Your money bought food, souvenirs if you could afford them, accommodation, and postcards to send home.
Remember sending postcards? They were the only way to keep in touch with friends and family. Most offices had a dozen or more bright cards displayed on their notice boards from absent colleagues, while parents waited eagerly for a notification from heaven knows where to reassure them that their child was still in the land of the living.
“It was a bit of a bind really,” confesses Paul. “Not only did you have to spend your carefully-hoarded funds on the cards themselves, and write them, but you then had to find a post office — not always an easy matter — and buy the stamps too.”
Paul was one of those who finally made it to Kathmandu in the ’70s. “I remember posting all the cards in the centre of town, and not one of them ever got to their destination. I was told later that it was common practice for locals to retrieve them from the box and steam off the stamps!”
Making a phone call was only considered in extreme circumstances and involved incredibly complicated games with phone cards, call boxes, and unintelligible instructions. No mobiles or texts back then.
Taking your car to Europe became popular from the ’60s on, but it was by no means as easy and comfortable as it was later to be. Cars didn’t have air-conditioning as standard. SatNav or GPS didn’t exist outside Bond movies. You used atlases and maps to find you way, having done much of the research at home during the winter. (Incidentally, the test for a Rolls Royce chauffeur pre-war was being able to fold a full-size map quickly and efficiently while in the vehicle.)
“You had to jump through hoops for continental insurance,” recall Michael and Ann, “and for Spain there was some sort of bail bond which was a real nuisance. But you didn’t mind looking it all up beforehand and planning the route on atlases. That was part of the fun really, and it was good for your orienteering skills. Nowadays, when you just tap something on the screen, your brain isn’t doing anything for itself, which can’t be that good.”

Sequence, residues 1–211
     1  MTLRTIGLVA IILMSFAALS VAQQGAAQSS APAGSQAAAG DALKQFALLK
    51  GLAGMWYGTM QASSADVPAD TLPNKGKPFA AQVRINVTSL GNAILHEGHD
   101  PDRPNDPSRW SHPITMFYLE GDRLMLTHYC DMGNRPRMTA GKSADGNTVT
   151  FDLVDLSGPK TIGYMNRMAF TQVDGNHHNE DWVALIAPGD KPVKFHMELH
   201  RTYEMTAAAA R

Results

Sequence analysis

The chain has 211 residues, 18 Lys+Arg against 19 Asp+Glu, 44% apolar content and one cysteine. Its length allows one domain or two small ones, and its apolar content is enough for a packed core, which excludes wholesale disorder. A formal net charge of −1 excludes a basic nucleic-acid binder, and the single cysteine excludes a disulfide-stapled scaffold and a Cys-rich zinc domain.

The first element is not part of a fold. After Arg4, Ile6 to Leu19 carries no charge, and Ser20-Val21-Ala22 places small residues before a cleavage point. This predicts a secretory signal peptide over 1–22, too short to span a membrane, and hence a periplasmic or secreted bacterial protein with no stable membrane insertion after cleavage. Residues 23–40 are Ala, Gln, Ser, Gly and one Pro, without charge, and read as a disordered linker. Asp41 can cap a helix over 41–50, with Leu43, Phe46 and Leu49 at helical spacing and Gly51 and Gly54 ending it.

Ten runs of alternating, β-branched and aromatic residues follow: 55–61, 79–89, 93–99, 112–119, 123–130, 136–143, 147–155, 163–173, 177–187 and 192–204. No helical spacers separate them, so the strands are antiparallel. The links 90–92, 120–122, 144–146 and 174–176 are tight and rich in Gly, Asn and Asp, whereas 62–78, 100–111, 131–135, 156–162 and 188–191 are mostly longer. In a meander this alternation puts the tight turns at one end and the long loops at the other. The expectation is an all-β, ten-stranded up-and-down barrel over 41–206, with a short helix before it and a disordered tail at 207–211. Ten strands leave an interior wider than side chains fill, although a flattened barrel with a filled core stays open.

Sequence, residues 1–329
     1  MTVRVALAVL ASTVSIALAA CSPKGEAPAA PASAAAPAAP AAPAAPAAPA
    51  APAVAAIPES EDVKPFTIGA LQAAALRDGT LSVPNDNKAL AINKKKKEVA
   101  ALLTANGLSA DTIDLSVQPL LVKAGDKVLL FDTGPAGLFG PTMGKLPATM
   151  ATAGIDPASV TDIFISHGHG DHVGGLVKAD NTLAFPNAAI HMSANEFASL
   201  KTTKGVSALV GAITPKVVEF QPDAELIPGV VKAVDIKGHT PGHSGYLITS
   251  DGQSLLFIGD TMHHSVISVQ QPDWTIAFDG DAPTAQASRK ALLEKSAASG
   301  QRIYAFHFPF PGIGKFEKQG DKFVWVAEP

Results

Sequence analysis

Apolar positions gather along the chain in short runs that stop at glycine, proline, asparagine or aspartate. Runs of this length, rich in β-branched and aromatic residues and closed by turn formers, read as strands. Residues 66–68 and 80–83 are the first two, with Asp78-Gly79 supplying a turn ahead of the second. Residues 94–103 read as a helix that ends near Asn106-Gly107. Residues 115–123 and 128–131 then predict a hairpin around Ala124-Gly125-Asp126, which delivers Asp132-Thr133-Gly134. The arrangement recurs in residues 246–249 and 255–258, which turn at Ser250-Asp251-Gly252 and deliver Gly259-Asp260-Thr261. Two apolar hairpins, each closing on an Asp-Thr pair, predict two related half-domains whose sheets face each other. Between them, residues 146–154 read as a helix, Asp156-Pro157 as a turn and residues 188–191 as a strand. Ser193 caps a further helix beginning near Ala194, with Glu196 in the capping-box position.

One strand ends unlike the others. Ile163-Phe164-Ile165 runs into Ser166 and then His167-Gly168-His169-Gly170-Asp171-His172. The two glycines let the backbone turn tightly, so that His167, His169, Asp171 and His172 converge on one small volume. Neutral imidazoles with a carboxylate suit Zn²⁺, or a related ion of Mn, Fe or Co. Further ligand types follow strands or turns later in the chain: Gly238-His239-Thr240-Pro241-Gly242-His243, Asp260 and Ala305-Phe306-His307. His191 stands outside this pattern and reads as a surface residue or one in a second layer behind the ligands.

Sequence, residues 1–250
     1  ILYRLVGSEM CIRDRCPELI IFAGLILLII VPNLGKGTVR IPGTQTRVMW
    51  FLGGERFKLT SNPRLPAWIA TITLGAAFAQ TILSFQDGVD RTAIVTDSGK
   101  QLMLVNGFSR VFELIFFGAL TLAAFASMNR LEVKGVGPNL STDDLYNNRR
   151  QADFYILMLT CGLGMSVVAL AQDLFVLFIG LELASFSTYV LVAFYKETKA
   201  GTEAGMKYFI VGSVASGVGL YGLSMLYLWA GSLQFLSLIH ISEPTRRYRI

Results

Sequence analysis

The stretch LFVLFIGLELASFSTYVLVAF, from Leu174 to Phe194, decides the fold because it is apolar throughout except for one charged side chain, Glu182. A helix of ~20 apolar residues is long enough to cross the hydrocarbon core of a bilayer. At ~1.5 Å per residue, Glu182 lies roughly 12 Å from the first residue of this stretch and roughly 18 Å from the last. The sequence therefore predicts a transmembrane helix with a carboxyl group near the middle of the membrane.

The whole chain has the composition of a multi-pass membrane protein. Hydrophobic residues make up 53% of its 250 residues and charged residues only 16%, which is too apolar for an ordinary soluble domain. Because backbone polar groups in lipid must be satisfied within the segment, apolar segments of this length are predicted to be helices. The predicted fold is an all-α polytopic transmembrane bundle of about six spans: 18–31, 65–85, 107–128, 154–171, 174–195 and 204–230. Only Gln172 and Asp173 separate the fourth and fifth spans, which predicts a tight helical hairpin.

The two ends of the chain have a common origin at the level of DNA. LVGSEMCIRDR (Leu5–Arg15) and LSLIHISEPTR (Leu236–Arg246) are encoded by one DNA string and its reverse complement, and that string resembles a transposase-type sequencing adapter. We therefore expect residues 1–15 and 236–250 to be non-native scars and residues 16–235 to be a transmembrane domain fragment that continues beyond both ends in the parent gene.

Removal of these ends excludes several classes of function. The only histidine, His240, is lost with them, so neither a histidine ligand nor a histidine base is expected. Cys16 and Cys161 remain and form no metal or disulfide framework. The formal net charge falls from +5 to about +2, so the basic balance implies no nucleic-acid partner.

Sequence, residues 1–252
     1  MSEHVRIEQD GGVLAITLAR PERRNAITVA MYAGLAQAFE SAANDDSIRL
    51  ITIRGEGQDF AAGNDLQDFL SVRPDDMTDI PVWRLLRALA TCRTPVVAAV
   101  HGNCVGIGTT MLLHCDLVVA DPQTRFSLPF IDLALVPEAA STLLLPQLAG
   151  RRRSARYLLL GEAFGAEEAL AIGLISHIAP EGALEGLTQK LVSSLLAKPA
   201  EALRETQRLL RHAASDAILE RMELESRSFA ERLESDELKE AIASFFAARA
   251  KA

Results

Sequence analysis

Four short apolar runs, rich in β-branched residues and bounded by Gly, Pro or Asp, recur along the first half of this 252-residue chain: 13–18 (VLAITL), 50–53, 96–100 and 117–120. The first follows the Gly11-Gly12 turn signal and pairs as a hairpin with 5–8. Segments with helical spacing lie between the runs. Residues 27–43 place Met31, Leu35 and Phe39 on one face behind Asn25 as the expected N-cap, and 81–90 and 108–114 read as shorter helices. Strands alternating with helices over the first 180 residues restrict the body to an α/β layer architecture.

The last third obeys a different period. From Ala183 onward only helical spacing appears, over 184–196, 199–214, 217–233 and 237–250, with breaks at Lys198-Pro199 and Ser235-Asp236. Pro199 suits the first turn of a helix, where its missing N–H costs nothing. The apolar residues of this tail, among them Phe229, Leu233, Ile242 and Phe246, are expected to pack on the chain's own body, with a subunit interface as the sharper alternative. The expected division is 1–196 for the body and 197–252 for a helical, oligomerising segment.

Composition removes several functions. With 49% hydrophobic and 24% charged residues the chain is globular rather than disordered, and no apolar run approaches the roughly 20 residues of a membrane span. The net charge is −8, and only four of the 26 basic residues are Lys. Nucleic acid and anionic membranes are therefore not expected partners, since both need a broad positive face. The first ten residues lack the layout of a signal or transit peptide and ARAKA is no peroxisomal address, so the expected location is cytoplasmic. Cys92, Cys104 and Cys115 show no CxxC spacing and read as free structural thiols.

Finding somewhere to stay became a bit easier with the growth of travel agencies, but you were still dependent on those brightly-coloured brochures which promised sun-kissed beaches and wonderful views from your balcony. All too often the reality proved very different.
“Today, you can check TripAdvisor or a dozen other sites to see reviews and reports, but that wasn’t available in earlier days. And if you travelled without booking, then you took the chance of finding somewhere with a vacancy as evening drew on.
“Gosh, we were close to despair more than once,” admits Richard. “And on one occasion we had to sleep in the car. It was freezing cold and no fun at all. If we had had modern technology, of course, we could have found somewhere easily, but such things weren’t even thought of then.”
Backpackers relied on word of mouth, on travel tales passed on at hostels and wayside inns, to find good places to stay and to eat.
We got plenty of nostalgic memories from readers, who remembered when air travel was glamorous, expensive, and utterly desirable.
“You really felt like somebody when you were welcomed on board,” sighed Mary. “They treated you so courteously.”
And of course friends and family could come to see you off, wave from the balcony, and meet you right off the plane on your return. What a hope these days with all the heightened security. Necessary, of course, but nonetheless, everybody agreed that air travel today is a stressful experience, not a pleasant one.
You dressed for the occasion too, says Helen. “I would always look out my best things for going on a plane, even if it was only to Dublin. It was the done thing.”
One has only to remember Elizabeth Taylor, swathed in gorgeous glamour at Heathrow in that classic 1960s film, The VIPs. And when her flight was delayed due to fog, no sitting gloomily on the floor of a crowded hall. She and her fellow travellers were swiftly conveyed to a luxury hotel. Ah, sic transit gloria mundi…
So have things changed for the better? Air travel is certainly safer and swifter, not to mention cheaper. You can go to most corners of the world that our parents never dreamed of (we are, obviously, talking here of normal circumstances, not the current situation this summer).
Contact with home and with friends is a simple matter, as is the posting of a picture from the top of the Jungfrau or St Mark’s Square. Swipe a credit card, prepay the rail ticket.
But haven’t we lost something? That sense of adventure, of exploration, of reaching the unknown? Tell us your opinion! Email firstname.lastname@example.org.